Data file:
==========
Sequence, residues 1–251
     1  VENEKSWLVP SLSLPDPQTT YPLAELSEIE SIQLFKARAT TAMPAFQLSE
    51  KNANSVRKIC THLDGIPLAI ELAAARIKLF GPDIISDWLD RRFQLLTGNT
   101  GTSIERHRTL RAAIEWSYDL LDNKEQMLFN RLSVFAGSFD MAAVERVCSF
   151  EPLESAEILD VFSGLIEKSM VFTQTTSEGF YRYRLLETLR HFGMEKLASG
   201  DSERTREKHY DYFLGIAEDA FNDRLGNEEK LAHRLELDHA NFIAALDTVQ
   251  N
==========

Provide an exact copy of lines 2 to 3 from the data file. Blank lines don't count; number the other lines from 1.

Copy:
     1  VENEKSWLVP SLSLPDPQTT YPLAELSEIE SIQLFKARAT TAMPAFQLSE
    51  KNANSVRKIC THLDGIPLAI ELAAARIKLF GPDIISDWLD RRFQLLTGNT